The past financial year was poor for investors as inflation, rising interest rates and recession fears hit investment markets. This note reviews the past 12 months and looks at the outlook.
Inflation and recession worries
While inflation was on the rise in the six months to December pushing up bond yields the impact for share markets was swamped by economic recovery from the pandemic and surging share markets so overall returns slowed but were still positive. The last six months have been a lot tougher though:
- The surge in shares from their pandemic lows in 2020 into late 2021 had left them vulnerable to a pullback.
- Inflation rose to its highest levels in decades reaching 8.6% in the US and Europe and an estimated 6% in Australia, reflecting distortions to demand and supply bottlenecks due to the pandemic. This was made worse by the war in Ukraine and lockdowns in China along with the electricity crisis and floods in Australia.
- This pushed central banks to start raising interest rates aggressively to slow demand and stop inflation expectations rising (which would make it even hard to get inflation down).
- This in turn led to increasing concerns of a recession.
- The war in Ukraine and tensions with China have added to uncertainty.
- A surge in bond yields (with Australian 10 year bond yields rising from 1.55% to 3.66%) on the back of surging inflation and interest rates added to downwards pressure on share markets by pushing price to earnings multiples lower.
The net result has been poor investment returns over the last financial year for most listed assets as can be seen in the next chart.
Bonds have had their worst 12 month return in decades as the surge in bond yields resulted in capital losses for investors. Australian bonds lost 10.5% over the last 12 months which is worse than their losses in the “bond crash” of 1994 and looks to be their worst 12 month loss since the 1973 or the 1930s. The severity of the loss reflects the low starting point yield and the speed of the rise in bond yields.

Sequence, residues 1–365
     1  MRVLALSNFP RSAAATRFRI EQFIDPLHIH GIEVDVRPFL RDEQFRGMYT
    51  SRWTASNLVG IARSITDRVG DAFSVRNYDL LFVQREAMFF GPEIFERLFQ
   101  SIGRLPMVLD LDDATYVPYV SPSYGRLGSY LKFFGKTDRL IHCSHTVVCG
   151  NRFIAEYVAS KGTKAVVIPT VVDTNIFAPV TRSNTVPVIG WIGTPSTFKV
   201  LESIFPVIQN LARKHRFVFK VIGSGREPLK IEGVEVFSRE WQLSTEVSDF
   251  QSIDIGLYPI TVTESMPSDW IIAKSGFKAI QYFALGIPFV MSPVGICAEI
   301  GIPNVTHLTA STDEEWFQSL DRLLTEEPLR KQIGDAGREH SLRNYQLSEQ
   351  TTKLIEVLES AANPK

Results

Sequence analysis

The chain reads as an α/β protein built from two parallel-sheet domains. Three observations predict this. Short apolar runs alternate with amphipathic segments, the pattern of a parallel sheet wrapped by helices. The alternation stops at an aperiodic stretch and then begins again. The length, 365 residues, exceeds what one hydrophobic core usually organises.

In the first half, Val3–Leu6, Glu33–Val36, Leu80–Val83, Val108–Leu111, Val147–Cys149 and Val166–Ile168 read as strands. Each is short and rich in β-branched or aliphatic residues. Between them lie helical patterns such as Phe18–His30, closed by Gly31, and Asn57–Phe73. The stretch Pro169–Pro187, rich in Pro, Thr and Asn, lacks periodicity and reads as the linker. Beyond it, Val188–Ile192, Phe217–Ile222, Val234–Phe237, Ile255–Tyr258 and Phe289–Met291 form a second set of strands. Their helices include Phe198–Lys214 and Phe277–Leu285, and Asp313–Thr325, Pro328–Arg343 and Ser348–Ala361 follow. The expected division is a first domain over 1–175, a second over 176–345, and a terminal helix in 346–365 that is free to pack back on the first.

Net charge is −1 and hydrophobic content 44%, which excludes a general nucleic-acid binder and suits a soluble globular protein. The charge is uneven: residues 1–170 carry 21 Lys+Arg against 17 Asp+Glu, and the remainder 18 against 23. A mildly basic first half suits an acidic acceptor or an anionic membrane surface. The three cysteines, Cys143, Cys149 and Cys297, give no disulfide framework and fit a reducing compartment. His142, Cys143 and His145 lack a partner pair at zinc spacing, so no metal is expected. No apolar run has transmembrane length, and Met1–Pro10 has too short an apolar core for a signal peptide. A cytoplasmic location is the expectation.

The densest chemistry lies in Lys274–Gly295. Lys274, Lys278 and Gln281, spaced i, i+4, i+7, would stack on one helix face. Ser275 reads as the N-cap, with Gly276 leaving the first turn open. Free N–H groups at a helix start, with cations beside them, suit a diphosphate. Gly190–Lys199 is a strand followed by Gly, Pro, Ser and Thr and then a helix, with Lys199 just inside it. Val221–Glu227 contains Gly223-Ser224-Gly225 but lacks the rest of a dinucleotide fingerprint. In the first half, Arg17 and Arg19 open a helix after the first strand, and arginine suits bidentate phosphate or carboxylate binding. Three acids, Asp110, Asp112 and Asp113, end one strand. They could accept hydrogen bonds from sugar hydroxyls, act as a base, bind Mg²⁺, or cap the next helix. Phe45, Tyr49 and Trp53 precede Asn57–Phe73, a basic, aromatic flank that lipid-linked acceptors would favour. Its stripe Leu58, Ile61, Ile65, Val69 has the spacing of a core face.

Global shares lost 11.1% in local currency terms. A fall in the growth sensitive Australian dollar saw this reduced to a loss of 6.5%. Bear in mind this followed gains of 37% and 28% respectively in the previous financial year.
Naturally the most speculative assets like tech stocks (with Nasdaq losing 24%) and crypto currencies (with Bitcoin down 46%) were hit the hardest. But commodities returned 22.5% in US dollars due to strong demand, supply shortages & the war.
Australian shares were also dragged down – particularly as the RBA got more aggressive in raising rates in June – with a loss in the last financial year of 6.5%.
High bond yields and falling share markets also weighed on real estate investment trusts.
Unlisted commercial property and infrastructure provided solid returns although these often lag returns from listed assets.
Australian residential property prices rose 11% but price gains progressively slowed and have now started to fall as poor affordability and rising mortgage rates hit the property market.
Combined, this drove an estimated average loss on balanced growth superannuation funds of -3 to -5% after fees & taxes.
It’s worth putting this in context though as in the 2020-21 financial year balanced growth super funds returned around 18.5% and over the last five years they returned 5.8% pa which is solid given that inflation averaged 2.6% pa.
Conservative superannuation funds are likely to have had a similar or worse loss in the financial year reflecting the hit to bond returns. Normally bonds are a safer less volatile asset class than shares, and so conservative funds tend to have a higher exposure to them than shares. However, every so often bonds have a rough ride at the same time as shares – usually when inflation is a big problem and central banks are raising interest rates which pushes up bond yields rapidly resulting in negative returns from both fixed income (as bonds suffer a capital loss when yields rise) & shares. The result is that both conservative and balanced growth funds can have poor returns in such environments as we have seen over the last year.
The last time we saw something similar with poor returns from conservative and balanced funds was in the bond crash of 1994 when inflation fears saw central banks including the RBA raise interest rates aggressively from emergency levels after the early 1990s recession. This time around inflation has been much higher and bond rates have increased from even lower levels and so it’s been even more severe for bonds.